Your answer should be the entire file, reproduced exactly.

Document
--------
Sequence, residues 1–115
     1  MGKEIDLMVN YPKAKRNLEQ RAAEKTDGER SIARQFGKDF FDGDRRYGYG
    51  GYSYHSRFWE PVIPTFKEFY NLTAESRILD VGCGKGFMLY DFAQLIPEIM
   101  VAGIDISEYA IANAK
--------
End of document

Sequence, residues 1–115
     1  MGKEIDLMVN YPKAKRNLEQ RAAEKTDGER SIARQFGKDF FDGDRRYGYG
    51  GYSYHSRFWE PVIPTFKEFY NLTAESRILD VGCGKGFMLY DFAQLIPEIM
   101  VAGIDISEYA IANAK